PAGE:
A few days ago, I struggled with a simple use case: in an Android Application, I wanted to show a simple tutorial item (displayed as a Card View), but only until the user acknowledged he knew how the app works.
To do so, I first decided to put this simple view in my layout with a visibility of
GONE, and changing its visibility based on a SharedPreference item telling if the user knew how the app worked. This solution was simple enough, but I was wondering, wouldn’t it be bad for performance if we need to inflate a view that will never be shown?
So, the other solution I thought about was to inflate this view only when the user open the app for the first few time. This would require to do the inflation programmatically, which requires to call
inflater.inflate twice, and might be even worse in term of performances.
I decided to ask it on StackOverflow, searching if some people might have looked into this before. As I waited for an answer, someone commented asking “What did you try?”, and I realized that this guy was totally right! I could try to use DDMS to benchmark the two different solutions, and see what would happen. So, this is what I did.
Brief presentation of DDMS
DDMS is the Dalvik Debug Monitor Server. It provides debugging tools that you often use (Logcat, thread and heap information…). The binary for DDMS is located in the
tools directory of the SDK and can be launched using the
ddms binary. it consists of a simple window showing you the different debugging tools.
The tool we will be interested in today is called Traceview. It allows you to generate some execution log using the android.os.Debug class, and seeing them graphically.
sdk/platform-toolsto your PATH environment variable. See this post if you need help.
Generating your execution log
Generating your execution log is really simple, all you need to do is use
which will generate a file in /sdcard/your_filename.trace. And don’t forget to stop the method tracing:
Reading those log
First, you’ll need to retrieve the tracelogs files from your phone to your computer. You’ll just need to execute a
adb pull /sdcard/your_filename.trace ..
Once you have the log files, just launch the
monitor binary, located in the tools folder of your sdk. You’ll then be able to open a file (
file > open file). Then, that’s it. You’ll have your trace log opened on your computer, ready for you to analyse it.
Back to the issue: visibility changes vs java inflation.
I’ve created a simple Gist showing the project I used to generate the logs I will try to focus on in this post. It simply start the logs in the fragment
onAttach(), and stops them in the fragments
onResume() You can find the log I generated with this post here.
So, let’s think about our problem. First what do we want to focus on? Since the view is most of the time hidden, we want to focus on the time performances when inflating the layout, without showing the tutorial view. But, since we don’t want to discourage the user on first uses, we still want a fast inflation speed when we display the view.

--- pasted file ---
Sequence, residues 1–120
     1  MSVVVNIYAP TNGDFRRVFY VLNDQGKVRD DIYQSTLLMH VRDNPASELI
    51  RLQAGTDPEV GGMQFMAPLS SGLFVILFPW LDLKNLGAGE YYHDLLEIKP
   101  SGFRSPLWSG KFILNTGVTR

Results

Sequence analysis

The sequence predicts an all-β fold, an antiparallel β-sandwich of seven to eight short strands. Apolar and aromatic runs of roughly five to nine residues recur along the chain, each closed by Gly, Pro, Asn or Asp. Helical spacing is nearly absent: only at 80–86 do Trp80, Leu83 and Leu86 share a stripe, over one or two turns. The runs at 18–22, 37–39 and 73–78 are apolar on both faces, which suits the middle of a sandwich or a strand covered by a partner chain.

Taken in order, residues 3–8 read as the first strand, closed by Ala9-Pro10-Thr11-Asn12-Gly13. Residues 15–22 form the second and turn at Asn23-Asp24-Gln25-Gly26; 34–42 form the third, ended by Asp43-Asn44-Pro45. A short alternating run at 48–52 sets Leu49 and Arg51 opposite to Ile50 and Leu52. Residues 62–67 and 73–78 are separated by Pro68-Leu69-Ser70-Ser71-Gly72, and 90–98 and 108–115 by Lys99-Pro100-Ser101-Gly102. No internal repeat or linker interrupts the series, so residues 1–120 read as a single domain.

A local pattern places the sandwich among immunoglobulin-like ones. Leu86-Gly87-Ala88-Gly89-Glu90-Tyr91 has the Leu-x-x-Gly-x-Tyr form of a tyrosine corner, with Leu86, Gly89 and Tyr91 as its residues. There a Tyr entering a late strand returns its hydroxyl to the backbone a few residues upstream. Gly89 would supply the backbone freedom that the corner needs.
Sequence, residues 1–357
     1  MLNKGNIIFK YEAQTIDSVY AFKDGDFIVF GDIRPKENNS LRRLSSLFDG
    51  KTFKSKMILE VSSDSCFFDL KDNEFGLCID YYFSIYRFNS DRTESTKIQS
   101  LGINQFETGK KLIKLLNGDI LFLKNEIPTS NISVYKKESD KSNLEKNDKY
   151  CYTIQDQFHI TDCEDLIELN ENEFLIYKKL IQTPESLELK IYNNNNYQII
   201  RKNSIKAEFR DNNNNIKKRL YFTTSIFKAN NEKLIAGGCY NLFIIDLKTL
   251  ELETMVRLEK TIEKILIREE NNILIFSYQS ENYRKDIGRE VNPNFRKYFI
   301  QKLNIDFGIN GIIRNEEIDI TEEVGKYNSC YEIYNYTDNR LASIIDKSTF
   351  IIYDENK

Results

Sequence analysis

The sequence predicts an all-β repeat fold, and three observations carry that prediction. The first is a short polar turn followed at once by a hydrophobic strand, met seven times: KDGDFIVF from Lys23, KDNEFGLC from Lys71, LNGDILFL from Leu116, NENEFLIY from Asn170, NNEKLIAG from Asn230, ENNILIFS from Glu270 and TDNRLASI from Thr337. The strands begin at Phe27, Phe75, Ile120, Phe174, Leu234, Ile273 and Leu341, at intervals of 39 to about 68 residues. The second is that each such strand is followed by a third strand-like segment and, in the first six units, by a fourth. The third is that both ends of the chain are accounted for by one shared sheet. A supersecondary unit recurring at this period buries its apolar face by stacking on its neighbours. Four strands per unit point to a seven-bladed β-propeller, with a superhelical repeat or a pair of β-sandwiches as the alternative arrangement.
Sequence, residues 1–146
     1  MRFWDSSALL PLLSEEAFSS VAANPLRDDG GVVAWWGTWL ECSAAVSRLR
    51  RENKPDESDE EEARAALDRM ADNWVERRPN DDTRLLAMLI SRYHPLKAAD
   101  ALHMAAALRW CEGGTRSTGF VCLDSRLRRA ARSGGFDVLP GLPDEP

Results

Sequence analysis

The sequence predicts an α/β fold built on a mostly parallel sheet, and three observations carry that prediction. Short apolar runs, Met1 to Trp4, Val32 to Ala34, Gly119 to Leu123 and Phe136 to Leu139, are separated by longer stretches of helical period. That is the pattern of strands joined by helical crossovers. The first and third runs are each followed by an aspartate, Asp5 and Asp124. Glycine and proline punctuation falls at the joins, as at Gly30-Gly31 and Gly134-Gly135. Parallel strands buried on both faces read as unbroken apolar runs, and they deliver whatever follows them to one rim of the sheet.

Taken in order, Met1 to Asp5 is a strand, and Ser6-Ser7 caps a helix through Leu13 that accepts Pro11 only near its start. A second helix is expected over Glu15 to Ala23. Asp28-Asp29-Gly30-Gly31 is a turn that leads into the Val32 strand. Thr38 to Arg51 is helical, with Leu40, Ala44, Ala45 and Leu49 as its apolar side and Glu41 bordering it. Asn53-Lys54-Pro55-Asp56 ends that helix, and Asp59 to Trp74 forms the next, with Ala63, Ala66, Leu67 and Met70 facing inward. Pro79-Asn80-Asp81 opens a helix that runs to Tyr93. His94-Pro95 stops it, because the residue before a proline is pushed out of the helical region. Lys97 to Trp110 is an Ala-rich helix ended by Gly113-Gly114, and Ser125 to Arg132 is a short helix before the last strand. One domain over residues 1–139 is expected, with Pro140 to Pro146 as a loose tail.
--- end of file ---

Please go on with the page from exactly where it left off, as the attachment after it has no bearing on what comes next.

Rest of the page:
What we’ll ask here is, would it be a good idea to switch from the first solution (inflating a layout with some
GONE views), to the other one (inflating only what’s important, and adding the tutorial view when we need to).
Displaying the view
So, let’s first compare the performances when we display the tutorial item.
The first image represent the log file for when we simply change the view’s visibility from
VISIBLE. The second represent the log file when we inflate the view programmatically in the fragment’s
onCreateView. As we can see, the two log files look a little bit the same, with a smaller exec time (max msec), in favor of the first one (75msec vs 110 msec). From the Profile Panel, we can see the spare call to
LayoutInflater.inflate() when inflating the view programmatically, which takes up some precious time (highlighted in red on the screenshots).
So, switching from the first method to the second would decrease our inflation speed of about 31%.
Hiding the view
From the logs, this is what we can see:
From left to right: the representation of the log file when we inflate the layout containing the
GONE view, and the representation when inflating the view without the tutorial view. So, as expected, inflating a more complex layout, even when some views’ visibility are set to
GONE, takes more time than inflating the simpler view, without the hidden views. What I didn’t expect was the ratio of almost 1:3 for the execution time (102msec vs 39msec). Yeap, the inflated view was a bit complex, but still, I didn’t think letting it to GONE would be that bad for performances when inflating the layout.
So, switching from the first method to the second one would increase our inflation speed of about 161%. Yay!
We need to note that here, the layouts used are really simple. This explains why the speed increase are that important.
So, to conclude about this, inflating a layout with some views with a visibility set to
GONE is bad for performances, especially if the view is a bit complex. If you don’t want to show this view verry often, I would suggest you to create a separate xml file containing your view, inflating this layout when needed, and adding it to your main layout programmatically.
I hope you learned some stuff, and if you feel that you can add some information in here or that you don’t understand something, feel free to comment this post or to email me !
As said in comments, a simpler way to manager this kind of view would be to use ViewStub. It allows you to inflate easily a view when needed, without doing it programmatically. This article is here to explain how to easily use TraceView to test your app’s performance, and let people know that inflating views which will stay as
GONEforever is bad!